You have purchased a lot of books (but not as many as I did - I purchased at least 3 or 4 more than you and used only 5 total). You may find yourself in a position (as I once did) where you have too many books, too many strategies for studying, and too many ways to order the books to use. I found myself overwhelmed with the amount of materials and it paralyzed me. Here is my suggested order:

1.Cracking the GMAT with DVD - good and entertaining intro book (ignore some of the weaker strategies because to get in the high 600s and 700s you can't follow some of them); the problems in this book are relatively easy.

2.Kaplan GMAT 2008 Premier Program - this book is similar to the PR book, but more serious and not as "noob-like"....this book is a very good followup to the PR book.

Work through 3, 4, 5, and 6 at the same time:

3.Sentence Correction GMAT Preparation Guide - you should work this book as you work through OG because at the end of each chapter in this book there are listings to OG SC questions that highlight the topic at hand.

The OG books are all ordered by difficulty so you should intersperse the questions from each by difficulty. For example, do the first 20 RC questions in OG11 then do the first 20 RC in OG V. Then work the next 20 in OG11 RC and OG V. This means you'll cover all the easy questions at the same time and give you a nice steady progression in difficulty. In addition, it also gives you a broader base of questions to work with.

4.The Official Guide for GMAT Review, 11th Edition

5.The Official Guide for GMAT Verbal Review

6.The Official Guide for GMAT Quantitative Review

Lastly, the Kaplan 800 book has very good strategies for hard problems you're likely to see. I would work on this book when you get to the last 50 problems of each topic. For example, on the last 50 CR, you can do the CR section of Kaplan800 to see what "hard" problems are like, do that section, then go back to OG11 or OG V review and do those.

7.Kaplan GMAT 800, 2007-2008 Edition (Kaplan Gmat 800)

The idea is to use the right book at the right time in your studies and focus on quality over quantity - that's a winning formula.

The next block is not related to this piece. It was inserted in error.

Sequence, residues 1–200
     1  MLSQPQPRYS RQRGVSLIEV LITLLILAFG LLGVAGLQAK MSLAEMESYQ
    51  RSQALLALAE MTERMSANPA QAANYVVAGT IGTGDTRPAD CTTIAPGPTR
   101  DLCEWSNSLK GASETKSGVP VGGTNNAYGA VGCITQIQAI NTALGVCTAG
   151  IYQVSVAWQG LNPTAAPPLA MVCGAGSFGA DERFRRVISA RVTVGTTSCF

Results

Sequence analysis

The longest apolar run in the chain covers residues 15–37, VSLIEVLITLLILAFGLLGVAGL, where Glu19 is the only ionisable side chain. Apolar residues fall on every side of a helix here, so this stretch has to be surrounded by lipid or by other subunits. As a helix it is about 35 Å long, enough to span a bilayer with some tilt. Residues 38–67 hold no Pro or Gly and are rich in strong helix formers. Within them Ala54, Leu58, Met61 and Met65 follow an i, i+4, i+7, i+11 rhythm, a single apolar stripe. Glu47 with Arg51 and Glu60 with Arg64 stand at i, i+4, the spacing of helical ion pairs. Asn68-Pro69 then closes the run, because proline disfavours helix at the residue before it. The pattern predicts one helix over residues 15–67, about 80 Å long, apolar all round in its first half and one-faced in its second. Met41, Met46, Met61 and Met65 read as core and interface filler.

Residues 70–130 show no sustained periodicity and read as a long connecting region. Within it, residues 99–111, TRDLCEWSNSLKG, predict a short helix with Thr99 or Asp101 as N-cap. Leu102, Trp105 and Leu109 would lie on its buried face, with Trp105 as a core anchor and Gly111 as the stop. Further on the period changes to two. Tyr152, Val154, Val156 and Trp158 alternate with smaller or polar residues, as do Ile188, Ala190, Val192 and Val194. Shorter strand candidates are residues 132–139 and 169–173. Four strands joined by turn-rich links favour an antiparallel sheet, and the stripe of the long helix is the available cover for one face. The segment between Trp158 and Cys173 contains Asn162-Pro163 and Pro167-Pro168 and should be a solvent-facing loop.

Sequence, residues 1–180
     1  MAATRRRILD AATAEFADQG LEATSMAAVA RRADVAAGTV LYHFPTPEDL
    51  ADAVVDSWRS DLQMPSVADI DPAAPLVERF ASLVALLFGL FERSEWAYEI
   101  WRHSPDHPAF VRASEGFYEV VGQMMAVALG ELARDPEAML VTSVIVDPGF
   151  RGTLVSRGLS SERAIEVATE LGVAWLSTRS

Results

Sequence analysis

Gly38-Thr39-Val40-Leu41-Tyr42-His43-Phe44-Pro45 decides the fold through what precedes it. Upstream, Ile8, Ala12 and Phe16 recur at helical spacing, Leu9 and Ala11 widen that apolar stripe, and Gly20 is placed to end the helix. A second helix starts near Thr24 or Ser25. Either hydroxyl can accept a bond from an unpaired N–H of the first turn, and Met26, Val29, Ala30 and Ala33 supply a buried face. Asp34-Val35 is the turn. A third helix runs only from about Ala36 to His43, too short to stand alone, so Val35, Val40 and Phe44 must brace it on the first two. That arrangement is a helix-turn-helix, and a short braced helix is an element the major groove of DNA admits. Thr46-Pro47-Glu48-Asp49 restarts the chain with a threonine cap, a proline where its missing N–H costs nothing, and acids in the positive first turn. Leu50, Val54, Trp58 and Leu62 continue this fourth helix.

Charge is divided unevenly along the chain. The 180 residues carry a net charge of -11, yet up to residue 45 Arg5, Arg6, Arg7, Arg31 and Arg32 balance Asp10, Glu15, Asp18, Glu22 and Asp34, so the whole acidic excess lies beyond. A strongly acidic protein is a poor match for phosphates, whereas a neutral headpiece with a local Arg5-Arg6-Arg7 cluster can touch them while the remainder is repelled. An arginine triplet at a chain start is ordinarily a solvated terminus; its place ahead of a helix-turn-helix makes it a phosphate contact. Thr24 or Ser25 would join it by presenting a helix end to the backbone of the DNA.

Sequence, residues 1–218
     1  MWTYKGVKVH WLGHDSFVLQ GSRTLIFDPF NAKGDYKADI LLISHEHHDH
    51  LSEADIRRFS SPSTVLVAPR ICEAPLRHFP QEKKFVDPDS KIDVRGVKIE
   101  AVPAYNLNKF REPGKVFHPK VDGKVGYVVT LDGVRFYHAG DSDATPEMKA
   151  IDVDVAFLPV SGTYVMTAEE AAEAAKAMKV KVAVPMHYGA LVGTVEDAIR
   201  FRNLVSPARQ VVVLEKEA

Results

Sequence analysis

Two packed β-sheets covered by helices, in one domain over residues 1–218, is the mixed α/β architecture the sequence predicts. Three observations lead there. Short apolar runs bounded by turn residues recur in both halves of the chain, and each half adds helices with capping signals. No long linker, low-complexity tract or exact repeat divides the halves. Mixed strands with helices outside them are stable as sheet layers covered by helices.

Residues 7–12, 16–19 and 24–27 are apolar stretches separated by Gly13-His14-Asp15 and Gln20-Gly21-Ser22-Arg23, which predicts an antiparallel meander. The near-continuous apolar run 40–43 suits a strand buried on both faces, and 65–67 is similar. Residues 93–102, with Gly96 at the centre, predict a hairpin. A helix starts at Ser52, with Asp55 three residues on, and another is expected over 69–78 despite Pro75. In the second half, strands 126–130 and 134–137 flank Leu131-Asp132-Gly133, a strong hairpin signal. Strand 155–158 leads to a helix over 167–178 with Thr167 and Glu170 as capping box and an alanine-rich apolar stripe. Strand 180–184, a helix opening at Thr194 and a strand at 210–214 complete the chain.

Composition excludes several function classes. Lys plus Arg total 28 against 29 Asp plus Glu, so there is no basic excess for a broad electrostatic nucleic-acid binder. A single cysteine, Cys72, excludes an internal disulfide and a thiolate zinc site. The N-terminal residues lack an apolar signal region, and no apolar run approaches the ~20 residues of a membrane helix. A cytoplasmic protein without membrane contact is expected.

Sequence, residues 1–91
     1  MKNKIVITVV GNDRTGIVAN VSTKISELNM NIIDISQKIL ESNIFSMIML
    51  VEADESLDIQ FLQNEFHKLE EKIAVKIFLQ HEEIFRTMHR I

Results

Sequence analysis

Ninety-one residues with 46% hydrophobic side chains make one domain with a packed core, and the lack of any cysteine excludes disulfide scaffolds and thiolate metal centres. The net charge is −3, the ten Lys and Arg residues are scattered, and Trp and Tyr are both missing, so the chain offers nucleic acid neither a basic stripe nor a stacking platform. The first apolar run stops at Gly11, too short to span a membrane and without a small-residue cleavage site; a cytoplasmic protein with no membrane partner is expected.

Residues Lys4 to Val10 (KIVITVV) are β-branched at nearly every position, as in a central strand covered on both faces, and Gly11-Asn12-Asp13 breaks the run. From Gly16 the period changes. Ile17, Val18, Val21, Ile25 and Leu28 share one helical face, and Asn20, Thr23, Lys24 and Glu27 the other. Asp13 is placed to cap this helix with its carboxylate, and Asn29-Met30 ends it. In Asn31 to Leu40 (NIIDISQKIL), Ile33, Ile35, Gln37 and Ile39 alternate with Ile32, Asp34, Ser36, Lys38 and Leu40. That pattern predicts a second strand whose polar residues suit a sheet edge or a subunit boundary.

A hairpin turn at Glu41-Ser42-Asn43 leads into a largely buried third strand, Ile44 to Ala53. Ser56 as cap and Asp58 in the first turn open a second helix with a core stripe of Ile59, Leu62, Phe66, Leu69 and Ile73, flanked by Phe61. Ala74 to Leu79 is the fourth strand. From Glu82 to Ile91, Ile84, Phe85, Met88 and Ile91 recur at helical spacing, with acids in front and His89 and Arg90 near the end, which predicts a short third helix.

Also, you should also read Eric's post in the GMAT resources area to get his opinion on the best materials. His opinion is very much consistent with mine for the most part: https://www.beatthegmat.com/books.htmlTotal beginner without knowledge of test format, questions asked, nor strategies for solving questions in each question type: PR Cracking the GMAT

Hasn't done math in years and needs to relearn some fundamentals: Kaplan Math workbook

Familiar with format and understands the different question types as well as strategies for answering questions from each type (e.g. knows how to solve a weaken CR question vs knows how to solve an inference CR question): OG11, OG V, OG M

Weak in SC: MGMAT SC

Wants to work on harder Q questions: Kaplan 800

Decide which of these you fall into and pick your books.

The last thing I want to mention is that if you are studying in a good way and focusing on quality over quantity, you should not be able to finish very many books in 2 or 3 months. Consider the math of what I consider "good studying":

OG11 + OG V + OG M = 1400 problems

Let's say 2 minutes per question timed (OG questions should always be timed) + 3 minutes to study each and every solution, including questions you got right, and taking notes on lessons learned = 5 minutes per question.

1400 * 5 = 7000 minutes = 117 hours

Assume you work 2 hours per workday and 10 hours per weekend: 20 hours per week --> almost 6 weeks to finish all three of these books!

This calculation did not include the time spent on cats exams, which in itself can take well over 5 hours (3 hour cat + 2 hours going over all mistakes and writing down lessons learned). If you take 5 hours out of each week for this then it should take you 8 weeks to finish these three books.

It was exactly for this reason that I left 4 books almost completely untouched!